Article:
How does what we know influence our quest for love? Three years into a graduate program in science, the narrator of Weike Wang’s critically-acclaimed Chemistry (Knopf, 2017) cooly compares receiving a marriage proposal from her boyfriend to the careful problem solving that occurs between lab partners. The eccentric protagonist of Azareen Van der Vliet Oloomi’s Call Me Zebra (Houghton Mifflin Harcourt, 2018) — the last in a line of “anarchists, atheists, and autodidacts” who took refuge in books amidst the tragedy of regime change and exile — mines the wisdom of her literary icons and takes on various pilgrimages to come to terms with her lost family and the possibility of a love. Come for a reading with these two authors and a discussion about their compelling and unusual coming-of-age novels. In conversation with Madhu Kaza.
RESERVE A SEAT!
$5 SUGGESTED DONATION | OPEN TO THE PUBLIC
Azareen Van der Vliet Oloomi is the author of the novels Fra Keeler and Call Me Zebra, and an Assistant Professor in the M.F.A. Program in Creative Writing at the University of Notre Dame. She is the winner of a 2015 Whiting Writers’ Award, a National Book Foundation “5 Under 35” honoree, and the recipient of a Fulbright Fellowship, as well as residency fellowships from MacDowell and Ledig House. Her work has appeared in the Paris Review, Guernica, Granta, BOMB, and elsewhere. She has lived in New York, Los Angeles, Tehran, Dubai, Valencia, Barcelona, and currently splits her time between South Bend, Indiana and Florence, Italy.
Weike Wang is a graduate of Harvard University, where she earned her undergraduate degree in chemistry and her doctorate in public health. She received her MFA from Boston University. Her fiction has been published in or is forthcoming from Alaska Quarterly Review, Glimmer Train, The Journal, Ploughshares, Redivider, and SmokeLong Quarterly. She is a 2017 “5 Under 35” honoree of the National Book Foundation.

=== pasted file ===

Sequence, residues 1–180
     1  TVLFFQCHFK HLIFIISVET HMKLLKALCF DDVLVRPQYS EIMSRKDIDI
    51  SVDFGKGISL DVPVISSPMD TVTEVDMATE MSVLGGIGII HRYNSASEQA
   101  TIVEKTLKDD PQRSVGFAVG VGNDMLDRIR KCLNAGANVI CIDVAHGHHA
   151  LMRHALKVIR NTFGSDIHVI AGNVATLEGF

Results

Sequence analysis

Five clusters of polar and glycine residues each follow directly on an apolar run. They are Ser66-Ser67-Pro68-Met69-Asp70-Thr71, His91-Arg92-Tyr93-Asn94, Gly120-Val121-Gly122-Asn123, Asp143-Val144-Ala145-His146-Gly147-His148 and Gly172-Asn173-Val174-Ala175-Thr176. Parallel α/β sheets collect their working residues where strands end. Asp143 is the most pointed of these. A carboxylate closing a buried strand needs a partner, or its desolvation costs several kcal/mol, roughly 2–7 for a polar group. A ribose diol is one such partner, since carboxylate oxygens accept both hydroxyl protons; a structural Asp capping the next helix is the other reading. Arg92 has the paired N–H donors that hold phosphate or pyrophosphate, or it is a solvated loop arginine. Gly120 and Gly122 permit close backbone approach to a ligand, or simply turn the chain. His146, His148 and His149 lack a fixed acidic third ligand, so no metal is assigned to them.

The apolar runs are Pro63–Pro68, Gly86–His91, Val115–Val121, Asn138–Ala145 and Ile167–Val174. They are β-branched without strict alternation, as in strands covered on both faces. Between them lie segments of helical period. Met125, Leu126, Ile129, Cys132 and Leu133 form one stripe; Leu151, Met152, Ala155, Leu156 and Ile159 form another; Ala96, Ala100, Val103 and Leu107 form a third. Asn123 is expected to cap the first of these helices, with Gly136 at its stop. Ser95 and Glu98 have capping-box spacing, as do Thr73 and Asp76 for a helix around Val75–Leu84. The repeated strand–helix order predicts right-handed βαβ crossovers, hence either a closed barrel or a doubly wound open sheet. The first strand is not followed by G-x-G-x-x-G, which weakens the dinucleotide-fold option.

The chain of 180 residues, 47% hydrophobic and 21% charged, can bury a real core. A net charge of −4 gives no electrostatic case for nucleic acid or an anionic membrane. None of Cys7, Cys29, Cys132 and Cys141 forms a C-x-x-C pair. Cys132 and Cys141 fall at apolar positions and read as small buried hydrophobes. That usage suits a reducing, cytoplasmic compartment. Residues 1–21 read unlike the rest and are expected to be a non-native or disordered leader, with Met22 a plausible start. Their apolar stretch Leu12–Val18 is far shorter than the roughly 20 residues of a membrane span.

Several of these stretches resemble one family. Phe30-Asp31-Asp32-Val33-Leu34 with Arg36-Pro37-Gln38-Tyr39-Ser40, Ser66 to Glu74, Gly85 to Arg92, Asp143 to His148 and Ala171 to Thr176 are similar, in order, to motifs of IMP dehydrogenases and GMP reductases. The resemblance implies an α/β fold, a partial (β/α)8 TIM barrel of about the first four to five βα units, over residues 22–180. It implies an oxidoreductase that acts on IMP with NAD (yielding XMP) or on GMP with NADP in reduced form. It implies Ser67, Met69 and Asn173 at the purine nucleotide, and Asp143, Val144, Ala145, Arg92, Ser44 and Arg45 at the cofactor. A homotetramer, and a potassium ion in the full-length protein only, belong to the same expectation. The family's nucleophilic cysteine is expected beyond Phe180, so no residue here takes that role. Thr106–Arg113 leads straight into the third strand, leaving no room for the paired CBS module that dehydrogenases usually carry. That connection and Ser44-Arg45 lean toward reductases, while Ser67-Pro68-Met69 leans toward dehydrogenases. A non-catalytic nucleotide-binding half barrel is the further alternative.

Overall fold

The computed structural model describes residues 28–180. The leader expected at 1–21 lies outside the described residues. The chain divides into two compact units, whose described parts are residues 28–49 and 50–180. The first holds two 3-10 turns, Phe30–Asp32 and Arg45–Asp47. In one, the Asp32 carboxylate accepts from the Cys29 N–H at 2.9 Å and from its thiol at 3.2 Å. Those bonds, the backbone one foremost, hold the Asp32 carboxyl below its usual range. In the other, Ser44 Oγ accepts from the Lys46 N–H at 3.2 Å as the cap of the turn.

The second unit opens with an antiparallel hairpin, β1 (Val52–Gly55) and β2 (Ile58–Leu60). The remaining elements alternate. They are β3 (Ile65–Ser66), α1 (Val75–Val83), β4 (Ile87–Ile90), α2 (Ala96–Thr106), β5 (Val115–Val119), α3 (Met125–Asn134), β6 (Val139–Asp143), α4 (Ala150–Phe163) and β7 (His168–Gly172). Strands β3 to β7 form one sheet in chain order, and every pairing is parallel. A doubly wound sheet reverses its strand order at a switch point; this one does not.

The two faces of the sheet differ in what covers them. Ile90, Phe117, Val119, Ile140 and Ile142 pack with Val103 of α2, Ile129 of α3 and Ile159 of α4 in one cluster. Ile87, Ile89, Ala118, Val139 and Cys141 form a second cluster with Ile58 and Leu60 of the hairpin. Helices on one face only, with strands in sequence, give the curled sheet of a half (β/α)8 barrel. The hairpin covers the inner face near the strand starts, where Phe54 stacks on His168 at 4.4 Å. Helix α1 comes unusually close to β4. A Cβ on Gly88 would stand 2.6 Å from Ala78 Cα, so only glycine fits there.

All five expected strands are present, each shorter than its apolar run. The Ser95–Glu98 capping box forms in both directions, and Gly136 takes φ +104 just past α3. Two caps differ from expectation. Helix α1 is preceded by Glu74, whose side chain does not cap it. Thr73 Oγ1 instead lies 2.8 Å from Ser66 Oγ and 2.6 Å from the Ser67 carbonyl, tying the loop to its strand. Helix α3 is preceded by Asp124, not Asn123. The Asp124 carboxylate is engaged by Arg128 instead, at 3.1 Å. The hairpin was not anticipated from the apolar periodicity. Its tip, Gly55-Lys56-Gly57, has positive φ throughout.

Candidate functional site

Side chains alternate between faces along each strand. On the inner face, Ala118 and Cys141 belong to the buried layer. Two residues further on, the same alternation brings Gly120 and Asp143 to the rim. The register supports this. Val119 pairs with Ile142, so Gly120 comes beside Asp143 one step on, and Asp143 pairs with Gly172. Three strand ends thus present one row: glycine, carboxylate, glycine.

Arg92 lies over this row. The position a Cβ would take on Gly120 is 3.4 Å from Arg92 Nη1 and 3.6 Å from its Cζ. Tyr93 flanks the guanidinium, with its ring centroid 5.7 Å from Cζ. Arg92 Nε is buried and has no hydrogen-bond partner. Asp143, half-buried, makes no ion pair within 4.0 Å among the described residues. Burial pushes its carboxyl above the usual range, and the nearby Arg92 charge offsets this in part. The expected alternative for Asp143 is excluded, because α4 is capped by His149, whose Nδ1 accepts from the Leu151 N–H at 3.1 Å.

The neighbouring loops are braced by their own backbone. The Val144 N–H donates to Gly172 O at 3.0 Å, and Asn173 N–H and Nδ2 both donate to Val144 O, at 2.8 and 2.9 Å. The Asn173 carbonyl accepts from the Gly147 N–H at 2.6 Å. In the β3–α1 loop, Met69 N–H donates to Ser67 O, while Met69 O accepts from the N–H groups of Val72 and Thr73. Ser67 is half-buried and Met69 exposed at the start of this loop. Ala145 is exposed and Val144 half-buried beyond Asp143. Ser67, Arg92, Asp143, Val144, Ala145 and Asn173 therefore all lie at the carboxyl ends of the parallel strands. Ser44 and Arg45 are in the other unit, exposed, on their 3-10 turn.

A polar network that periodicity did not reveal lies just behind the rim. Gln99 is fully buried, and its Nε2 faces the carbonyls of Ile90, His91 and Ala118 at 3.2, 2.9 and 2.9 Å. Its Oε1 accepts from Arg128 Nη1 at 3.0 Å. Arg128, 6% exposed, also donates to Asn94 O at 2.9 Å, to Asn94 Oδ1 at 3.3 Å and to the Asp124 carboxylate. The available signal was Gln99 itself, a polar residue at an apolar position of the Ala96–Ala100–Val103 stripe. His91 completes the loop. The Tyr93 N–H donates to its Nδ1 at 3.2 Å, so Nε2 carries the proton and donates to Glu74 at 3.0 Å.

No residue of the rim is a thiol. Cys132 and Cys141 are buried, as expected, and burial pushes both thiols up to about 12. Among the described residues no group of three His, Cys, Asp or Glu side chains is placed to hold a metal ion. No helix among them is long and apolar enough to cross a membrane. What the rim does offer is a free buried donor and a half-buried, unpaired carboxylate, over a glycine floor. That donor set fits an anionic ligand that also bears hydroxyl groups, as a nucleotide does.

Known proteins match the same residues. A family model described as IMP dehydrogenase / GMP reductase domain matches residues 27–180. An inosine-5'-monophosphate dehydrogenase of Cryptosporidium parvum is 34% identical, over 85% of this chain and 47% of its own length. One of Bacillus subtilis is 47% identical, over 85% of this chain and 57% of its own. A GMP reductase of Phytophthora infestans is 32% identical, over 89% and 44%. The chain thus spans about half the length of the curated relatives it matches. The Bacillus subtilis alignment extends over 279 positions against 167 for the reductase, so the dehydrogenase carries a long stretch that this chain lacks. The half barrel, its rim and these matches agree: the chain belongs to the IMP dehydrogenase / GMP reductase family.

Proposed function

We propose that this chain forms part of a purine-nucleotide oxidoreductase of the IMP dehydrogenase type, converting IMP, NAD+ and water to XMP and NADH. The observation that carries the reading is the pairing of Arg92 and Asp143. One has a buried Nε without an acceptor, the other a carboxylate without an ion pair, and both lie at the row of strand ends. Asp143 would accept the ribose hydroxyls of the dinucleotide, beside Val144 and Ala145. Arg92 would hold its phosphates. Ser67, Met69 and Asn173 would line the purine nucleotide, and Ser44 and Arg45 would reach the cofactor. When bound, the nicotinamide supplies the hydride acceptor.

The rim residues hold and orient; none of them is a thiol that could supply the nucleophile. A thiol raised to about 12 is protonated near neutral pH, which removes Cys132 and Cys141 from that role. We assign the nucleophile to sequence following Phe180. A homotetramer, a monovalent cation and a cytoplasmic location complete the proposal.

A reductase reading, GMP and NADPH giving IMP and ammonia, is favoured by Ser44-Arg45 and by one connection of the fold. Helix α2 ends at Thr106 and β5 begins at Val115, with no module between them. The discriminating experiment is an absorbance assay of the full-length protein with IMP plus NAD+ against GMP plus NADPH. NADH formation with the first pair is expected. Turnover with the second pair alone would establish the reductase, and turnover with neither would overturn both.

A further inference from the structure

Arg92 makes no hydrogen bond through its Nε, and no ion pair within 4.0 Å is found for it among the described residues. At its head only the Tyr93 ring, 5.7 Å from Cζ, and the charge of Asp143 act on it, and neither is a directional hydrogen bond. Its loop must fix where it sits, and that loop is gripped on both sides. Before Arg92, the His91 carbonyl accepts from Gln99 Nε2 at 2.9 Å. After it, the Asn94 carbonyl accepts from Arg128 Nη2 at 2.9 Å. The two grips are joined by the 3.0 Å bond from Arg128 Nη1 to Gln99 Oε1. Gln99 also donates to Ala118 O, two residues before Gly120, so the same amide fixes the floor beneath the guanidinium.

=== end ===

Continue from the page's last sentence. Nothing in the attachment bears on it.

Born in Andhra Pradesh, India, Madhu H. Kaza is a writer, translator, artist and educator based in New York City. She is the co-editor of the recent anthology, What We Love, and the editor of Kitchen Table Translation, a volume that explores the connection between translation and migration and which features immigrant, diasporic and poc translators. She directs the Bard Microcollege at Brooklyn Public Library and teaches in the MFA program at Columbia University.
This event will be livestreamed on the Asian American Writers’ Facebook page.
NOTE ON ACCESSIBILITY
*The space is wheelchair accessible. No stairs. Direct elevator from ground floor to 6th floor.
*We strongly encourage all participants of the space/event to be scent-free.
If you all have any other specific questions about accessibility, please email Tiffany Le at firstname.lastname@example.org with any questions on reserving priority seating.
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